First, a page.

In the Eastern District of Michigan, 19 defendants face charges for their alleged roles in fraud, kickback, money laundering and drug distribution schemes involving approximately $114 million in false claims for services that were medically unnecessary or never rendered. Among these are owners of a physical therapy clinic who lured patients through the payment of cash kickbacks and medically unnecessary prescriptions for Schedule II medications for the purpose of stealing more than $36 million from Medicare.
In Tampa, Orlando and elsewhere in the Middle District of Florida, 15 individuals were charged with participating in a variety of schemes including compounding pharmacy fraud and intravenous prescription drug fraud involving $17 million in fraudulent billing. In one case, the owner of several infusion clinics allegedly defrauded the Medicare program of over $8 million through a scheme involving reimbursement claims for expensive intravenous prescription drugs that were never purchased and never administered to patients.
In the Northern District of Illinois, six individuals were charged in cases related to three different schemes involving bribery and false and fraudulent claims for home health services and disability benefits. The charged defendants include individuals who owned or co-owned the fraudulent providers and a medical doctor. In total, these schemes resulted in over $12 million being paid to the defendants and their companies.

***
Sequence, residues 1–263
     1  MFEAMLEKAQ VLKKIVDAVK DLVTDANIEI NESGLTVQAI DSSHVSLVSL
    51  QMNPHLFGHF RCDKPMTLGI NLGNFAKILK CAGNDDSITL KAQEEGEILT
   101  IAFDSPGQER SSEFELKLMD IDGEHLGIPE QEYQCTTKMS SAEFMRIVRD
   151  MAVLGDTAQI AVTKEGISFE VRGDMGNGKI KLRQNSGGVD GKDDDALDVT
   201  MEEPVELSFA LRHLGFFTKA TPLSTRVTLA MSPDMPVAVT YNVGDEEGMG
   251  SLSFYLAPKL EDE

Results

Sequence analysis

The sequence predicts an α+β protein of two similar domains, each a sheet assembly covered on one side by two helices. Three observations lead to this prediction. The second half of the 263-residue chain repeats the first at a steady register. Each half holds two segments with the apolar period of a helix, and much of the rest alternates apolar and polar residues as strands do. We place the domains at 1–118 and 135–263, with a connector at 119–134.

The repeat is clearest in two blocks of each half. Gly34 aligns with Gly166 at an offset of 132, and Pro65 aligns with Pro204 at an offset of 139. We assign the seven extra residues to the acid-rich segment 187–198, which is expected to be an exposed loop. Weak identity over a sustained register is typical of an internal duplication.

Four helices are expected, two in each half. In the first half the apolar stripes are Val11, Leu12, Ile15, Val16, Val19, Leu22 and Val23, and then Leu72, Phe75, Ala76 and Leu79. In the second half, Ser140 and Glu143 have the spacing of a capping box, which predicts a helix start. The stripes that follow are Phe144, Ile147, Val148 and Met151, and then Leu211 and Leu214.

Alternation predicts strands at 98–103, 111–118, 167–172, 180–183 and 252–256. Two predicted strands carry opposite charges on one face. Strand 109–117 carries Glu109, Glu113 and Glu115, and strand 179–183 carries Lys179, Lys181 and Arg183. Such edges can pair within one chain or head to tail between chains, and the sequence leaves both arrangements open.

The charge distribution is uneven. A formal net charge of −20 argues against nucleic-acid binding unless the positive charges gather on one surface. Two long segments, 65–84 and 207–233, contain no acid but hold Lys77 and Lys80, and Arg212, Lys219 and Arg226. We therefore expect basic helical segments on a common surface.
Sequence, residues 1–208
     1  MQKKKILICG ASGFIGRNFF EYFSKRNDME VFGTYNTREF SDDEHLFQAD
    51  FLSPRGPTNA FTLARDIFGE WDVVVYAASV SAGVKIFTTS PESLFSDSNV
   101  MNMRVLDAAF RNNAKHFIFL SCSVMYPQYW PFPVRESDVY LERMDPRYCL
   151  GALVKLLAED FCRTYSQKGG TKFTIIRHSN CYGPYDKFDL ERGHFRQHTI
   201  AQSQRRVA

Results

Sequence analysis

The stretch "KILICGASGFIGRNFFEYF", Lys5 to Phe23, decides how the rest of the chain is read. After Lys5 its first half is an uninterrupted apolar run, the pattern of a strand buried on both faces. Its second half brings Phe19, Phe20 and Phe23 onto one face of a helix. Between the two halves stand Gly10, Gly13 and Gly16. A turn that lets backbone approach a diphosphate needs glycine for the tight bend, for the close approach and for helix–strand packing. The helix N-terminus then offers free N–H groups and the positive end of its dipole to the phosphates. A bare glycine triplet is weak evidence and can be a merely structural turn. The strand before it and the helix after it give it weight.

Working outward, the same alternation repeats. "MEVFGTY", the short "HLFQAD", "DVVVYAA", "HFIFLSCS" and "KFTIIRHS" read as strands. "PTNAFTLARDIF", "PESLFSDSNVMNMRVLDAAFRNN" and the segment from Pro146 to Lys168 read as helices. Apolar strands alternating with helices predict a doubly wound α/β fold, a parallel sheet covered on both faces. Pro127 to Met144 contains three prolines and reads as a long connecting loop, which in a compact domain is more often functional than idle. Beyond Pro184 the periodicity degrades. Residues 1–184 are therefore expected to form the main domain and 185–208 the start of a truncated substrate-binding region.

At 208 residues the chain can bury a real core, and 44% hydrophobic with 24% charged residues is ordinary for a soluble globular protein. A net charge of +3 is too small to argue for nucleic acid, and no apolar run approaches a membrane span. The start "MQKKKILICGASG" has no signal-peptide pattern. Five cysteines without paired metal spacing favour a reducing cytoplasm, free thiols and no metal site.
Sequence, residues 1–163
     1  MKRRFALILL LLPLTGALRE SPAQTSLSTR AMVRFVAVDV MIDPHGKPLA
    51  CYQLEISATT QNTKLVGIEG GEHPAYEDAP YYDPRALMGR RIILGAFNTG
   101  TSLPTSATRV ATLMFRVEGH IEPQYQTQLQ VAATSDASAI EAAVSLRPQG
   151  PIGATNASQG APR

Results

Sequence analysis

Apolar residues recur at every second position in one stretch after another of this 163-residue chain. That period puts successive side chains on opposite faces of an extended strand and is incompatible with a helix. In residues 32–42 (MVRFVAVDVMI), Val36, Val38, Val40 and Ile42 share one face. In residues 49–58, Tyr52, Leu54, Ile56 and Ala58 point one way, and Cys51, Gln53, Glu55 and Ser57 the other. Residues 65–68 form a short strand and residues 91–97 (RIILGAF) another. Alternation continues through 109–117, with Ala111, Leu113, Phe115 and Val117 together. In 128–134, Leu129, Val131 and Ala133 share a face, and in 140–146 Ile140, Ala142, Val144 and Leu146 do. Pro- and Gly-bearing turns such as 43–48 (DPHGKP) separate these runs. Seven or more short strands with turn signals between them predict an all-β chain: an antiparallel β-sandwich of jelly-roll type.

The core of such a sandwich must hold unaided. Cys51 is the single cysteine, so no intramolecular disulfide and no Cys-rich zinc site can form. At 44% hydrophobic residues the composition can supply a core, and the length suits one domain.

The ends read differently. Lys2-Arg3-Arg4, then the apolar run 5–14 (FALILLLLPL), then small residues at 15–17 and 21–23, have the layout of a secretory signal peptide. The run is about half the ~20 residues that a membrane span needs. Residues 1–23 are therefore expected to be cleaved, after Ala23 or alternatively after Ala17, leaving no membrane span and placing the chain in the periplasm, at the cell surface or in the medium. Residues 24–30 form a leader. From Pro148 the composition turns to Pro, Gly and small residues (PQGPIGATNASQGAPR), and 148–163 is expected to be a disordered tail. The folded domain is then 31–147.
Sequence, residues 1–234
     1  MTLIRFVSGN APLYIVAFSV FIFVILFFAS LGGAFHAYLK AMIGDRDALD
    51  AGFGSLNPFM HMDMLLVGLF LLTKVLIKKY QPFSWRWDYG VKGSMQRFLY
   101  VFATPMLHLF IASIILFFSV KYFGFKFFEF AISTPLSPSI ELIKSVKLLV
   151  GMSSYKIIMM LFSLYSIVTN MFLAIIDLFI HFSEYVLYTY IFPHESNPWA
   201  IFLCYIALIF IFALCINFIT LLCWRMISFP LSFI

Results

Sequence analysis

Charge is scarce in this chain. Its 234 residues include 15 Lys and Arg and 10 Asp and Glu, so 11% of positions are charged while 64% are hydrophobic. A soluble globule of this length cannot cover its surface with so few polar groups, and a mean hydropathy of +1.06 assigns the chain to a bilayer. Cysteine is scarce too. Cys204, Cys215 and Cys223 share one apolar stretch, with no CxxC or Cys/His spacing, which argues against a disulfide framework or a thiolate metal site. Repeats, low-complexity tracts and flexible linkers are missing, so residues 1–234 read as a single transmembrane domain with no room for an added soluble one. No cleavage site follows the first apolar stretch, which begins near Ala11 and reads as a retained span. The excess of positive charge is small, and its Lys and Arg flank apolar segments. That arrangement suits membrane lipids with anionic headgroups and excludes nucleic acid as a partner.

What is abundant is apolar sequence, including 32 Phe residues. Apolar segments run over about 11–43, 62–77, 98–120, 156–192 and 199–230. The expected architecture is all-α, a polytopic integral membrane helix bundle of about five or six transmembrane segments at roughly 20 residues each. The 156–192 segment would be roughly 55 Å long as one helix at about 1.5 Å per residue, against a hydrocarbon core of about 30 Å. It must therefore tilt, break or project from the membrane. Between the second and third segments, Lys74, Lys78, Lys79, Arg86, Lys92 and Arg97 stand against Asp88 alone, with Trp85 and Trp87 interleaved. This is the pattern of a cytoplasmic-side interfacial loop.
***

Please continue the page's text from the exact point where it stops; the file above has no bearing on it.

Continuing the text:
In the Eastern District of New York, 10 individuals were charged in six different cases, including five individuals who were charged for their roles in a scheme involving over $86 million in physical and occupational therapy claims to Medicare and Medicaid. In that case, the defendants are alleged to have filled a network of Brooklyn clinics that they controlled with patients by paying bribes and kickbacks. Once at the clinics, these patients were subjected to medically unnecessary therapy. The defendants then laundered the proceeds of the fraud through over a dozen shell companies.
In the Eastern District of Louisiana, three defendants were charged in connection with a health care fraud and wire fraud conspiracy involving a defunct home health care provider. This scheme centered on the payment of kickbacks through patient recruiters in exchange for patients who oftentimes never received nor qualified for home health care as billed. Once admitted, patient medical records were routinely fabricated and altered to support false and fraudulent claims to Medicare.
In addition to the Strike Force, today’s enforcement actions include cases brought by 26 U.S. Attorney’s Offices, including the unsealing of search warrants in investigations being conducted by the Eastern District of North Carolina, Southern District of Georgia, District of Columbia, Eastern District of Texas, Southern District of West Virginia, Middle District of Louisiana, District of Minnesota, and the Northern District of Alabama.